A History of World Societies,
The Islamic World, ca 600-1400
Islamic civilization was the third
major tradition to evolve after the collapse of the Roman Empire in the fourth
and fifth centuries. From the seventh through fifteenth centuries, it was
arguably the most dynamic and expansive culture in the world. Indeed, some
scholars have described it as the world's first truly global civilization.
Islamic society borrowed much from the Greek, Roman, Persian, and Indian traditions
and spread them as it extended its reach. In these Internet activities, you
will explore the life of Abu 'Abdallah Ibn Battuta, a Muslim traveler in the
fourteenth century, to better understand the impact of Islamic civilization
on the world.
- You may want to begin by printing this page. As you explore
different sites, use the printout to refer back to the instructions and
questions detailed in each activity.
- On many web sites you can increase the size of the images
by clicking on them. Whenever possible, use the larger images to examine
fine details in photographs.
- Read "Individuals in Society: Abu 'Abdallah Ibn
Battuta (1304–1368) on page 265 in McKay, A History of World Societies
(Sixth Edition). Then go to IBN
BUTTUTA. Write a paragraph explaining who Ibn Battuta was, where he
lived, and what he did for a living. Pay close attention to his role as
a scholar (ulema) and judge (qadi).
- Go to Map
1 and Map
2. The first map shows the areas where Ibn Battuta traveled. The second
shows where Islam was the major, or a major, religion in the year 1300.
What do these two maps have in common? (Hint: Did Ibn Battuta travel to
areas where Islam was not a major religion, or did he stay within the Islamic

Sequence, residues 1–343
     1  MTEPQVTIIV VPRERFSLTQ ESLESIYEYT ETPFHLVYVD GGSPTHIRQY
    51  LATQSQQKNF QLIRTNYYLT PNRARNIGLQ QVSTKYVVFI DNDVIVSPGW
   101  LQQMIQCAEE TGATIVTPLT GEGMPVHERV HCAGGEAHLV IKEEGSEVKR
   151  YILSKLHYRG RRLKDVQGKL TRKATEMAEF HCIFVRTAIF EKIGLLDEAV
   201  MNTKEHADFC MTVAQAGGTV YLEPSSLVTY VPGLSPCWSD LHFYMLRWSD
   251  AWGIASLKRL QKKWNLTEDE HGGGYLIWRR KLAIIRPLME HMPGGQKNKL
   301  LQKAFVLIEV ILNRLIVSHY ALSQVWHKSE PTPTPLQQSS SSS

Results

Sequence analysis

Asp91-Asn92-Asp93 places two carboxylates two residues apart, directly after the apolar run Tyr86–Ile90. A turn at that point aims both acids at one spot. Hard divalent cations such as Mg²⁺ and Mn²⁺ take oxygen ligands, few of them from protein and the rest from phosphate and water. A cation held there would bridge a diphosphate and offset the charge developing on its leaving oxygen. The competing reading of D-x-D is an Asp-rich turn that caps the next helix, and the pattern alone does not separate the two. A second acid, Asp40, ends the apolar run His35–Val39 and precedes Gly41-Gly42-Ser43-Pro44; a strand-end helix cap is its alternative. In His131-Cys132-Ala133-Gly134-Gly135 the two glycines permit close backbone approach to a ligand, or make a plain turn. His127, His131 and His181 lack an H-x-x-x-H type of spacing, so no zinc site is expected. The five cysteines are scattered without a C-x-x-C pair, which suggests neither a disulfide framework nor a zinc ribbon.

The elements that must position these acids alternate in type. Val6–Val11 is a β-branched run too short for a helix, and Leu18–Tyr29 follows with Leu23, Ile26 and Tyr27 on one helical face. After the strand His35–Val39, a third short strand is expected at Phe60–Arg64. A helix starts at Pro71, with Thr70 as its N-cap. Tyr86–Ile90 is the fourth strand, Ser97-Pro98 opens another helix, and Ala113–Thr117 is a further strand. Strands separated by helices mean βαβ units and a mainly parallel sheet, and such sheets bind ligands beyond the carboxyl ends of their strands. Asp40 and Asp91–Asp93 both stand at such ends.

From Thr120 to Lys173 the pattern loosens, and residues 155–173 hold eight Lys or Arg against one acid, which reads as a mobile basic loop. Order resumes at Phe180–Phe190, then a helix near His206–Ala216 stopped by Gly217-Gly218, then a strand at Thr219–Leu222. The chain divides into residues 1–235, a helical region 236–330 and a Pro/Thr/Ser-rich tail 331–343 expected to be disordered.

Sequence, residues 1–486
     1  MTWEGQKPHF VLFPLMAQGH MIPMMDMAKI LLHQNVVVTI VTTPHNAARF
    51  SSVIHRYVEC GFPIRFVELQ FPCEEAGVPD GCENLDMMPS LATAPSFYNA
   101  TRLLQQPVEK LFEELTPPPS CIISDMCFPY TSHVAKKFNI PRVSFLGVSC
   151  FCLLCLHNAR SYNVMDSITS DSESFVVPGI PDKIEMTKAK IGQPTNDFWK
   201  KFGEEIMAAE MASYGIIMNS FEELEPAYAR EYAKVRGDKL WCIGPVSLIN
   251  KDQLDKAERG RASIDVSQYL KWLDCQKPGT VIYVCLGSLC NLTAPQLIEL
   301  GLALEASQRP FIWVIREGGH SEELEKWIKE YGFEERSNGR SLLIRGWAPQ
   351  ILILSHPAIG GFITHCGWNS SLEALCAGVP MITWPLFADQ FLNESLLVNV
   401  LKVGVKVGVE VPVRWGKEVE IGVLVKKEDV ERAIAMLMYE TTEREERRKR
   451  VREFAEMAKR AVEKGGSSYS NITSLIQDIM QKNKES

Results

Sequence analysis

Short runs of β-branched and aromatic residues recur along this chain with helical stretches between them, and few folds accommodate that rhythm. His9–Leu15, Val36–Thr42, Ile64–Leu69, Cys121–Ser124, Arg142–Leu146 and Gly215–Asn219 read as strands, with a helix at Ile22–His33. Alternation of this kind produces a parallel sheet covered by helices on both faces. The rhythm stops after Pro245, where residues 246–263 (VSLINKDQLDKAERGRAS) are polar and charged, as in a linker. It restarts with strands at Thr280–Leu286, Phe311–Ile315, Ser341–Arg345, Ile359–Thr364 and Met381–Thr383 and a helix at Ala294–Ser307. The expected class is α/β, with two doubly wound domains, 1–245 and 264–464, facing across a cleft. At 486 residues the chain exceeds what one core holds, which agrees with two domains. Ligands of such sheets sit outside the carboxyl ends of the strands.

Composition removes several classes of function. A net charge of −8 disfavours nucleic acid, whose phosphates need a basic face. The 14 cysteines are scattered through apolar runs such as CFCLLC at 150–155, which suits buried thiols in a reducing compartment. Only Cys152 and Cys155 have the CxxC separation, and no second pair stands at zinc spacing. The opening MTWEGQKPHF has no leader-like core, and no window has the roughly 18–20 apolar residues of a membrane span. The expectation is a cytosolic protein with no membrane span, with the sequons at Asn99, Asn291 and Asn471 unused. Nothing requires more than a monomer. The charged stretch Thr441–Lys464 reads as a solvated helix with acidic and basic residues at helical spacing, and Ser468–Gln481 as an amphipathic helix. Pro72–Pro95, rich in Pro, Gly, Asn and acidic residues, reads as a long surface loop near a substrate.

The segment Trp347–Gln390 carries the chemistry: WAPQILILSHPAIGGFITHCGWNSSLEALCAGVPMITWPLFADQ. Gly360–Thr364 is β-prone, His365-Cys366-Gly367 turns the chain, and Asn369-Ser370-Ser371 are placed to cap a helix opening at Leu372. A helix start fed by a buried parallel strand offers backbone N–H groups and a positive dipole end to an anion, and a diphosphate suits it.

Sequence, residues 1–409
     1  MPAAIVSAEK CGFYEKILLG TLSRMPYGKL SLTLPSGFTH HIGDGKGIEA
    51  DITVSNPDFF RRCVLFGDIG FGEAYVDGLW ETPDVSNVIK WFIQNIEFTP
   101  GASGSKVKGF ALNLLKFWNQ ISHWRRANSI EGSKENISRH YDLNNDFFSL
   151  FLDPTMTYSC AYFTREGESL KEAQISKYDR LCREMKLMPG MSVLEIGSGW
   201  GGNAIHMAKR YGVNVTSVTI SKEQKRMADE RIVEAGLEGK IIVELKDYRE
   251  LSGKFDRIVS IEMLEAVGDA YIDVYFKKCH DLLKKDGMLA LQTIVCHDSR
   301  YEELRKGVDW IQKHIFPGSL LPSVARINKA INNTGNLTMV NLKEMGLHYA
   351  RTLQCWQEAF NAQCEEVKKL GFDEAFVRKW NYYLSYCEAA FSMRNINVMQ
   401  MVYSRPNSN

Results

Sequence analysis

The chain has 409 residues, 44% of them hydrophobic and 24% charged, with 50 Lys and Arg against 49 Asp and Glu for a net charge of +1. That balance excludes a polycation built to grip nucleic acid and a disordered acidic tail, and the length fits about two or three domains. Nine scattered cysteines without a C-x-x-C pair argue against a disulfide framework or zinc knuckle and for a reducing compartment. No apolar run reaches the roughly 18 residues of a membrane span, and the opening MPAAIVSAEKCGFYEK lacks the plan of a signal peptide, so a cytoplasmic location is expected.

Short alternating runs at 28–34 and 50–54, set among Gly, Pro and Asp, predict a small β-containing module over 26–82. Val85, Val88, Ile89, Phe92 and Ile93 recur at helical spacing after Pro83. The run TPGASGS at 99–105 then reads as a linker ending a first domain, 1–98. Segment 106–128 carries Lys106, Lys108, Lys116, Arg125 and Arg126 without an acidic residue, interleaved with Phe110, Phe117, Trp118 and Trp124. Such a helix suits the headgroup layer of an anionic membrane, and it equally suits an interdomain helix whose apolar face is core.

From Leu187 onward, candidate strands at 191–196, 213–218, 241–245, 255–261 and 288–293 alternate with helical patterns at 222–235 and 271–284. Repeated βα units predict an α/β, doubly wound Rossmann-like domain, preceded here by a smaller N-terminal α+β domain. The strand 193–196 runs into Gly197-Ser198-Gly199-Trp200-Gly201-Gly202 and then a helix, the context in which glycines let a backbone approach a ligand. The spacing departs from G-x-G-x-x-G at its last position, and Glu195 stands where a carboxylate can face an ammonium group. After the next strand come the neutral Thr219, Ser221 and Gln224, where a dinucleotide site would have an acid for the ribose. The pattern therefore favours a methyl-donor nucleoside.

- Using these maps and others found in McKay, A History
of World Societies (Sixth Edition), locate the following cities: Cairo,
Jerusalem, Mecca, Mombasa, Delhi, Timbuktu, Granada, Tangiers, Bukhara,
Samarkand, Constantinople. Locate the following regions: West Africa, East
African coast, Indian subcontinent, the Arabian peninsula, Egypt, China,
Central Asian plains. Finally, locate the following bodies of water: Indian
Ocean, Mediterranean Sea, Red Sea, Persian Gulf, Black Sea, South China
Sea. Now print out Map
1 and label these locations.
Learn more about Ibn Battuta's travels
through the virtual tour below. Make sure to find the link at the bottom
of each page and click through to the next page. By the time you finish you
will have followed Ibn Battuta through his extensive journeys and learned
much about the cultures he encountered.
- Begin the tour with this introduction.
Review the map at the bottom of the page, and then click through to the
page concerning Ibn Battuta's trip to Morocco.
- After reviewing the links in Activity Three, list the
several factors that led to the spread of Islam in the centuries preceding
Ibn Battuta's life. Which do you think was most important?
- Review Map 9.2 on page 262 in McKay, A History
of World Societies (Sixth Edition). How did trade routes facilitate
Ibn Battuta's travels and the expansion of Islam?
- Go to Map
of the Trade Routes. Compare and contrast this map with the one in McKay.
Note that twelve hundred years separate them. Do these maps help put Ibn
Battuta's travels and the spread of Islam in a larger historical context?
Did any other religions spread over these trade routes before Islam? Review
Chapter 7, "East Asia Spread of Buddhism, CA 200 B.C.–A.D. 800."
Write a paragraph explaining your answer to these questions.
- Go to Travels
of Hsuan–Tsang — Buddhist Pilgrim of the Seventh Century. What similarities
are there between Hsuan–Tsang and Ibn Battuta? For example, where did they
travel? What was their purpose in these travels? How did they increase their
respective societies' knowledge of the world? Summarize your answer in a
- How do the travels of Ibn Battuta help explain
the Islamic concept of the umma? (See page 242 in McKay, A History
of World Societies [Sixth Edition].) How did this concept and other
traditions and institutions in the Islamic world facilitate his travels
and adventures? Write a paragraph explaining your answer.